Chen M, Gutierrez GJ, Ronai ZA.. Ubiquitin-recognition protein Ufd1 couples the endoplasmic reticulum (ER) stress response to cell cycle control. Proc Natl Acad Sci USA 108: 9119-9124

Sanford-Burnham Medical Research Institute, La Jolla, CA 92037, USA.
Proceedings of the National Academy of Sciences (Impact Factor: 9.67). 05/2011; 108(22):9119-24. DOI: 10.1073/pnas.1100028108
Source: PubMed


The ubiquitin-recognition protein Ufd1 facilitates clearance of misfolded proteins through the endoplasmic reticulum (ER)-associated degradation (ERAD) pathway. Here we report that prolonged ER stress represses Ufd1 expression to trigger cell cycle delay, which contributes to ERAD. Remarkably, down-regulation of Ufd1 enhances ubiquitination and destabilization of Skp2 mediated by the anaphase-promoting complex or cyclosome bound to Cdh1 (APC/C(Cdh1)), resulting in accumulation of the cyclin-dependent kinase inhibitor p27 and a concomitant cell cycle delay during the G1 phase that enables more efficient clearance of misfolded proteins. Mechanistically, nuclear Ufd1 recruits the deubiquitinating enzyme USP13 to counteract APC/C(Cdh1)-mediated ubiquitination of Skp2. Our data identify a coordinated cell cycle response to prolonged ER stress through regulation of the Cdh1-Skp2-p27 axis by Ufd1 and USP13.

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Available from: Gustavo J Gutierrez, Jul 24, 2014
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    • "The ability of the proteasome inhibitor, MG-132, to block TM-dependent downregulation of Plk-1 further supports accelerated protein degradation of APC/CCdh1 substrates following ER stress (Figure 1C, lanes 1–4). The TM-dependent decrease of the cell cycle proteins examined here was selective and not due to a general increase in proteasomal activity, as the protein stability of the cell cycle regulator p27 is prolonged by TM treatment [20]. Taken together, TM-induced protein destabilization of APC/CCdh1 substrates suggests activation of APC/CCdh1 under ER stress conditions. "
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    ABSTRACT: The anaphase-promoting complex or cyclosome (APC/C) is a multi-subunit ubiquitin ligase that regulates exit from mitosis and G1 phase of the cell cycle. Although the regulation and function of APC/C(Cdh1) in the unperturbed cell cycle is well studied, little is known of its role in non-genotoxic stress responses. Here, we demonstrate the role of APC/C(Cdh1) (APC/C activated by Cdh1 protein) in cellular protection from endoplasmic reticulum (ER) stress. Activation of APC/C(Cdh1) under ER stress conditions is evidenced by Cdh1-dependent degradation of its substrates. Importantly, the activity of APC/C(Cdh1) maintains the ER stress checkpoint, as depletion of Cdh1 by RNAi impairs cell cycle arrest and accelerates cell death following ER stress. Our findings identify APC/C(Cdh1) as a regulator of cell cycle checkpoint and cell survival in response to proteotoxic insults.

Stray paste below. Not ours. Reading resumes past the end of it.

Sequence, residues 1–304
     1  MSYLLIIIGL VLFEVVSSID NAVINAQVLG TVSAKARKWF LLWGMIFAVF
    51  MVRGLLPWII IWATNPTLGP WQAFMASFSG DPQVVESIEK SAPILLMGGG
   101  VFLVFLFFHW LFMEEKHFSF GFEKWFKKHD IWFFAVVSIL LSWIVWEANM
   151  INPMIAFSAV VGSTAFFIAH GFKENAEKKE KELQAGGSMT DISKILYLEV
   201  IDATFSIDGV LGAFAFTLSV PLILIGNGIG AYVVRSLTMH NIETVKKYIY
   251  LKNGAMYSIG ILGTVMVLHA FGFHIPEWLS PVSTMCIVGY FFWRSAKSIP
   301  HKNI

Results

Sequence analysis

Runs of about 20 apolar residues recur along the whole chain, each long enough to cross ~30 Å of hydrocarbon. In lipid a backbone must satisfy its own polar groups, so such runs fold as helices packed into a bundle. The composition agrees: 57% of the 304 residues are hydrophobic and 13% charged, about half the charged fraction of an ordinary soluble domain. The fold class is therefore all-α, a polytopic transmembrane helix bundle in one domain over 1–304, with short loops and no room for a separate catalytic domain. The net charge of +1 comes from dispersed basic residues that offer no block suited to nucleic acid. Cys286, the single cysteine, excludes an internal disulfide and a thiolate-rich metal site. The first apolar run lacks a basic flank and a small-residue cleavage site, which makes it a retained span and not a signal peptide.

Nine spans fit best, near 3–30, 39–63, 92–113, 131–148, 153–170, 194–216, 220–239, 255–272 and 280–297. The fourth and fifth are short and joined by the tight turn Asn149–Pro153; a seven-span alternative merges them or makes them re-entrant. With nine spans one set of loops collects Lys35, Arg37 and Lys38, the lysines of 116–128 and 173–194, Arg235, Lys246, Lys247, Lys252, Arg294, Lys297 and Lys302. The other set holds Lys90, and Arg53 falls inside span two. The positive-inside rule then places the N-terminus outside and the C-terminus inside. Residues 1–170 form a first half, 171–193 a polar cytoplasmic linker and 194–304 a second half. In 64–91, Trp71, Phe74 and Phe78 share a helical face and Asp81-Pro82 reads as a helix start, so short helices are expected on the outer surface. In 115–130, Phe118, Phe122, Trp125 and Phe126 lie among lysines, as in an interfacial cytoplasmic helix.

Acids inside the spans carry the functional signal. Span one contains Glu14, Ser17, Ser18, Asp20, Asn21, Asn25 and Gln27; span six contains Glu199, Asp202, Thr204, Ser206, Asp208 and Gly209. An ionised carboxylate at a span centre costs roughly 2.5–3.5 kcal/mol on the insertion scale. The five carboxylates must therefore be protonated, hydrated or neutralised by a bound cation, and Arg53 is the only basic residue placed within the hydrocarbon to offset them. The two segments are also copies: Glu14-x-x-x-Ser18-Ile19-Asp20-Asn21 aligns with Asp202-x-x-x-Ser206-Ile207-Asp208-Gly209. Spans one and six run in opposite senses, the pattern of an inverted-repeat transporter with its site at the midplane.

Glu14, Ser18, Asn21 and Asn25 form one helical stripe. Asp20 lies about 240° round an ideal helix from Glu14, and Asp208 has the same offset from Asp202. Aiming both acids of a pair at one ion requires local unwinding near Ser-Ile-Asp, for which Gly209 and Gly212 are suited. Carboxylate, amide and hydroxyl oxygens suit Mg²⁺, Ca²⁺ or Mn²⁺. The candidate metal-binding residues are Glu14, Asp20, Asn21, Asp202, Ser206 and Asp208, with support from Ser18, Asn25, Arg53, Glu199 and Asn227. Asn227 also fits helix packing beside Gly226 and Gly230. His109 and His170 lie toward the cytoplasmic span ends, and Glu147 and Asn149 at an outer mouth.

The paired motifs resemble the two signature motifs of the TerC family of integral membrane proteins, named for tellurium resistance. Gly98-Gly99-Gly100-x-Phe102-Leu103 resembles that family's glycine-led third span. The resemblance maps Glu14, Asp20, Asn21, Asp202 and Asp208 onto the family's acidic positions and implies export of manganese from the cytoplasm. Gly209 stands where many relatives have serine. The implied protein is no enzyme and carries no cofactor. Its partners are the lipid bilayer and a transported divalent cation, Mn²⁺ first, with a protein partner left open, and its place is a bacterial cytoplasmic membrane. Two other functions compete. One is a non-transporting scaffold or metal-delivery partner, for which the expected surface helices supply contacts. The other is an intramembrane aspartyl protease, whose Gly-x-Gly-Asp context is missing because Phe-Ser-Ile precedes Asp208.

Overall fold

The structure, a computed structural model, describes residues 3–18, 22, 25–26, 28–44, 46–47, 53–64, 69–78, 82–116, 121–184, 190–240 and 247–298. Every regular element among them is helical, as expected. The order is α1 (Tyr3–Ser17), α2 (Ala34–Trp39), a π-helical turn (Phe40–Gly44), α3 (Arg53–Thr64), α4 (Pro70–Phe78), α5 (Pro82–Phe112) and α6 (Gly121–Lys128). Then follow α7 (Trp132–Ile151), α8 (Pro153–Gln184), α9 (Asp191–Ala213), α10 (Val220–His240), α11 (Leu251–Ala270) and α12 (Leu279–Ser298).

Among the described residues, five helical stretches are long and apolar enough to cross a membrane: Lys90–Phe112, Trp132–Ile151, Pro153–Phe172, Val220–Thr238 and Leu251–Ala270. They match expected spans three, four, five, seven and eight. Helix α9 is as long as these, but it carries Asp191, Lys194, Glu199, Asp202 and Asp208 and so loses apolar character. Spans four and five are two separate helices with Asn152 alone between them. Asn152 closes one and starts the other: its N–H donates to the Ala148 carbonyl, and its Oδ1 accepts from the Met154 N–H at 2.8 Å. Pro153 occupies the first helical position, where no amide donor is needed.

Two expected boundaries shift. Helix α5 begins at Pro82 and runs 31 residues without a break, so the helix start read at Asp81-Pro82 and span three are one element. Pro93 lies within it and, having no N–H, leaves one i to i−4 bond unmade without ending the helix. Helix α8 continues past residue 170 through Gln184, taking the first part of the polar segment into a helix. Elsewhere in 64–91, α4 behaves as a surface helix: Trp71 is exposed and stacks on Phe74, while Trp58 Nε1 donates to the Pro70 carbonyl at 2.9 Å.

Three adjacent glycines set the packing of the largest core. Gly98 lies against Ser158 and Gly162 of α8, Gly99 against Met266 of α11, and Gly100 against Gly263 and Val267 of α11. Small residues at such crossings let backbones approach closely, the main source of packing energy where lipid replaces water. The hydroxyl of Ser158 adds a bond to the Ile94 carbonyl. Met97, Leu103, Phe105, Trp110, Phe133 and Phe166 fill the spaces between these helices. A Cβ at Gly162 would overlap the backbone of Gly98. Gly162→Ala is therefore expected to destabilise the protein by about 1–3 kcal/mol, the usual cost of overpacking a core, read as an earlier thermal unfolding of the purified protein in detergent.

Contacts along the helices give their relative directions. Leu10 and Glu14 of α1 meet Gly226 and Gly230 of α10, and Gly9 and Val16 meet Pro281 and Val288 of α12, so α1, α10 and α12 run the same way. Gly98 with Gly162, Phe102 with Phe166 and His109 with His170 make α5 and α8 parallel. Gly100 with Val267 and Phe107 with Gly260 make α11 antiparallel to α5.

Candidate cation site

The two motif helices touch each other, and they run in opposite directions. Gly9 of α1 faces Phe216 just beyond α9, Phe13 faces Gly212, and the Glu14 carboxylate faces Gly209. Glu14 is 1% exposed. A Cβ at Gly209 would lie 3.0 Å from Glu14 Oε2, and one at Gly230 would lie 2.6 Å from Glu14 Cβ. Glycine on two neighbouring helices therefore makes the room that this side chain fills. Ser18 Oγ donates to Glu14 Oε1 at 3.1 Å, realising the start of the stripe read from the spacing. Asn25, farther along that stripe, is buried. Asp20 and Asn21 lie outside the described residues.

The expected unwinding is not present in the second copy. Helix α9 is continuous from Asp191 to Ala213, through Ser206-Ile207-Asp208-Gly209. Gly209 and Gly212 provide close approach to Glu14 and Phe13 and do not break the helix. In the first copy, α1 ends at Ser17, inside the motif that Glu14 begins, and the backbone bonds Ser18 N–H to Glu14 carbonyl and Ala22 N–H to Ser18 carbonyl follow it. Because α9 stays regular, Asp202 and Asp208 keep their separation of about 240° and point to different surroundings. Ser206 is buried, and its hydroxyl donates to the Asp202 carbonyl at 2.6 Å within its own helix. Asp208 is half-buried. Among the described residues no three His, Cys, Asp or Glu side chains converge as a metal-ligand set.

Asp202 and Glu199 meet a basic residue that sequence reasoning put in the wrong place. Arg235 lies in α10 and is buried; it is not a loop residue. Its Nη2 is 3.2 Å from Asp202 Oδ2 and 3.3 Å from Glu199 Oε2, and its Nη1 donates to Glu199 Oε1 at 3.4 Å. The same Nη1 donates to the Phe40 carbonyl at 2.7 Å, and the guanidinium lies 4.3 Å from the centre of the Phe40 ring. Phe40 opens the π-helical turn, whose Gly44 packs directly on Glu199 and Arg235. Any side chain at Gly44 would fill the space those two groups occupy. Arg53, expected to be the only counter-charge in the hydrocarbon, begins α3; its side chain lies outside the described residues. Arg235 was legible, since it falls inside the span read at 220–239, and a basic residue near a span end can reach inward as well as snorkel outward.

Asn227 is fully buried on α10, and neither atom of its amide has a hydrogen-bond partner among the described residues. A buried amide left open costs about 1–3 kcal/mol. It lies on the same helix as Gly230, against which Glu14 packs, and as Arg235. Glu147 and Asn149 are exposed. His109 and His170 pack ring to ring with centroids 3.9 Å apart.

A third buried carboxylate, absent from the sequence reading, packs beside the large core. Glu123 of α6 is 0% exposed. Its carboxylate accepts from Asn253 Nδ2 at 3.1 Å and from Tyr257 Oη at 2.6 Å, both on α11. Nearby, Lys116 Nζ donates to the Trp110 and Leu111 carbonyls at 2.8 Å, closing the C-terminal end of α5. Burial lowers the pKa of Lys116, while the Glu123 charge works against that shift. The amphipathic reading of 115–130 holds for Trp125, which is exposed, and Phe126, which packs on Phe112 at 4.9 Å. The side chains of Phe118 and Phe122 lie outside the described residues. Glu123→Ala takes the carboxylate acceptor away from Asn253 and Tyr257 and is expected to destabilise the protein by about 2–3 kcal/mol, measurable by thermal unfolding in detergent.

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    ABSTRACT: Deubiquitinases (DUBs) have fundamental roles in the ubiquitin system through their ability to specifically deconjugate ubiquitin from targeted proteins. The human genome encodes at least 98 DUBs, which can be grouped into 6 families, reflecting the need for specificity in their function. The activity of these enzymes affects the turnover rate, activation, recycling and localization of multiple proteins, which in turn is essential for cell homeostasis, protein stability and a wide range of signaling pathways. Consistent with this, altered DUB function has been related to several diseases, including cancer. Thus, multiple DUBs have been classified as oncogenes or tumor suppressors because of their regulatory functions on the activity of other proteins involved in tumor development. Therefore, recent studies have focused on pharmacological intervention on DUB activity as a rationale to search for novel anticancer drugs. This strategy may benefit from our current knowledge of the physiological regulatory mechanisms of these enzymes and the fact that growth of several tumors depends on the normal activity of certain DUBs. Further understanding of these processes may provide answers to multiple remaining questions on DUB functions and lead to the development of DUB-targeting strategies to expand the repertoire of molecular therapies against cancer.
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